Students Perform in the 105 Voices of History HBCU National Concert Choir

May 26, 2021

Pictured from left to right are: Alexander Jackson and Archie Torain

Archie Torain, business administration major from Hartsville, S.C. and Alexander Jackson early childhood education major from Sumter, S.C. had an opportunity to perform virtually in the 105 Voices of History HBCU National Choir with the United States Navy Band. Torrain and Jackson, who represented Morris College performed with students from other HBCUs across the United States to sing the national anthem. The virtual concert debuted on March 3, 2021. To view performance, click here.

The 105 Voices of History HBCU National Choir sponsored by the White House Initiative on Historically Black Colleges and Universities (HBCUs) is an opportunity for students to be able to still perform on a national level and be recognized amidst the COVID-19 pandemic. Students were selected to participate based on their musical aptitude, skills, and leadership role. This year, the national anthem was the song of choice to help celebrate the history of when the “Star Spangled Banner” became the national anthem.

“I was given the opportunity to work on a virtual project with 105 Voices of History because Morris College did not have any representation in their last project, and I was chosen to be one of the two to do this for the first time; It was an amazing experience, and it was an honor getting to perform with such talented people,” said Torain.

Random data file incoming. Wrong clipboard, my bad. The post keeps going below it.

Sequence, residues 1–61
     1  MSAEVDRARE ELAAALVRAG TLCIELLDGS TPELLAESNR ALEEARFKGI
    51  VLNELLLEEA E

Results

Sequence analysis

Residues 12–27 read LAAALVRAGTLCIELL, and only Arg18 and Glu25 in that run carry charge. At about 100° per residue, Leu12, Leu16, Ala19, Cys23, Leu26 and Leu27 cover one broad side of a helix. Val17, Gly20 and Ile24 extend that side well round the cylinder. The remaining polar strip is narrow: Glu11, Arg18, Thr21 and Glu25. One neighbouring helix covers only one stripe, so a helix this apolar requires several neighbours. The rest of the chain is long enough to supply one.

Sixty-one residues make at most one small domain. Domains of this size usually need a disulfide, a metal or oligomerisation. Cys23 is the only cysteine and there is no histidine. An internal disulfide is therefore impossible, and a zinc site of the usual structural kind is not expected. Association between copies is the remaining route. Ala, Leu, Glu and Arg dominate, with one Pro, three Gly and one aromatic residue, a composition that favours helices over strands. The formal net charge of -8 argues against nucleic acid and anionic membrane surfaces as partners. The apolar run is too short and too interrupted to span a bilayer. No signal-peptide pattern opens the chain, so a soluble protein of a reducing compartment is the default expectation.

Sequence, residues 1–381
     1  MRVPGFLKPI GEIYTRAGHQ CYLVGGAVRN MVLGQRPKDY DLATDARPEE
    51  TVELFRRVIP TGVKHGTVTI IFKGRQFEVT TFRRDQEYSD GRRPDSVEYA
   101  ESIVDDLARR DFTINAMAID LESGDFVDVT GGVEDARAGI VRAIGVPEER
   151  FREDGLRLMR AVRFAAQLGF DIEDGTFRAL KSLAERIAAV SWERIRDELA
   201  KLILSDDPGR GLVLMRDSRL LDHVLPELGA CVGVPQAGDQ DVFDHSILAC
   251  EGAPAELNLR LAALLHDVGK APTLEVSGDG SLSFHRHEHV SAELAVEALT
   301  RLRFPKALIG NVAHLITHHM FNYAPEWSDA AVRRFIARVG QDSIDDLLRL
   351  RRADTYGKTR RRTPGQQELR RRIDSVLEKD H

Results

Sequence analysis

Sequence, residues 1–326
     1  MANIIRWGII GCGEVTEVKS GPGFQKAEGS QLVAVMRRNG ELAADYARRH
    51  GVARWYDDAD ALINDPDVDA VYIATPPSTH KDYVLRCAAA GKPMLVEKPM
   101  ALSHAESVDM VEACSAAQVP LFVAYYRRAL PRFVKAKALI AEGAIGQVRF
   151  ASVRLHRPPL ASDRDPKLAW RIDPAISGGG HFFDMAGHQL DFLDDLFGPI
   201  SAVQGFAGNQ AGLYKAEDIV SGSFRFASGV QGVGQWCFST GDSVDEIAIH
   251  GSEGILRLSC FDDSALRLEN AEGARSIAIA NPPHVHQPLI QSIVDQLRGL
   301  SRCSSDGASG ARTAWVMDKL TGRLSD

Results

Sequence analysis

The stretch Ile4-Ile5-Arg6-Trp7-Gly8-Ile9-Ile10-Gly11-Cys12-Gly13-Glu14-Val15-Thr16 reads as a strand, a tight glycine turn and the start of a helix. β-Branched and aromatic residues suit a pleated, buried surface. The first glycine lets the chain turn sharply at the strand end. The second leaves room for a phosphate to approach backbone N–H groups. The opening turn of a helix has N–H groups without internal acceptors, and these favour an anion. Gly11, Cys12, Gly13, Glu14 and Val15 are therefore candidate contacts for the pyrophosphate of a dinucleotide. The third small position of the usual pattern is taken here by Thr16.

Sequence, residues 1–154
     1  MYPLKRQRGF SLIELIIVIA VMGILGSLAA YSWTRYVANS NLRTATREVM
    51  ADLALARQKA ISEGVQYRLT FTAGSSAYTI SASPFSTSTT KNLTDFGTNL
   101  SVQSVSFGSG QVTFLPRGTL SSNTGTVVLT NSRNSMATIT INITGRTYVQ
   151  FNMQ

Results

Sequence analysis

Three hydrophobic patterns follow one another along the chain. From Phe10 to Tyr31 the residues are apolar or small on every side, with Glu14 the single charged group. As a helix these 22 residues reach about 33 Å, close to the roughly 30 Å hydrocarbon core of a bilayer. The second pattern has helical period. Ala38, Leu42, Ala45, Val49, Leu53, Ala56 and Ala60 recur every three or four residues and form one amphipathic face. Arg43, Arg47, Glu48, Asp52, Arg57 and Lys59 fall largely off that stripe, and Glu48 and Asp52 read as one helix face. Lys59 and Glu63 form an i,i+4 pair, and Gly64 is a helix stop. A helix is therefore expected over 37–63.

Torain sings bass and Jackson sings tenor on Morris College’s choir under the direction of Herbert Johnson, assistant professor of music and director of choirs at Morris College. “I selected Torain who is president of the chorale and Jackson, student director for the gospel choir primarily for similar reasons,” said Johnson. “Both students are excellent musicians who have participated in the South Carolina All-State Chorus back in high school, and are leaders in my choirs so I knew they would perform well, but also they would be able to gain new skills in the master classes leading up to the virtual performance project.  I am always an advocate for my students to perform in new and different learning environments especially on the national if not international levels outside of my tutelage,” continued Johnson.

“This project will benefit me to discipline myself as I travel and do virtual rehearsals in the upcoming future. For instance, I learned that you must discipline yourself as a singer to be able to be great,” said Jackson.

Both students were excited to participate in this project as representation for Morris College.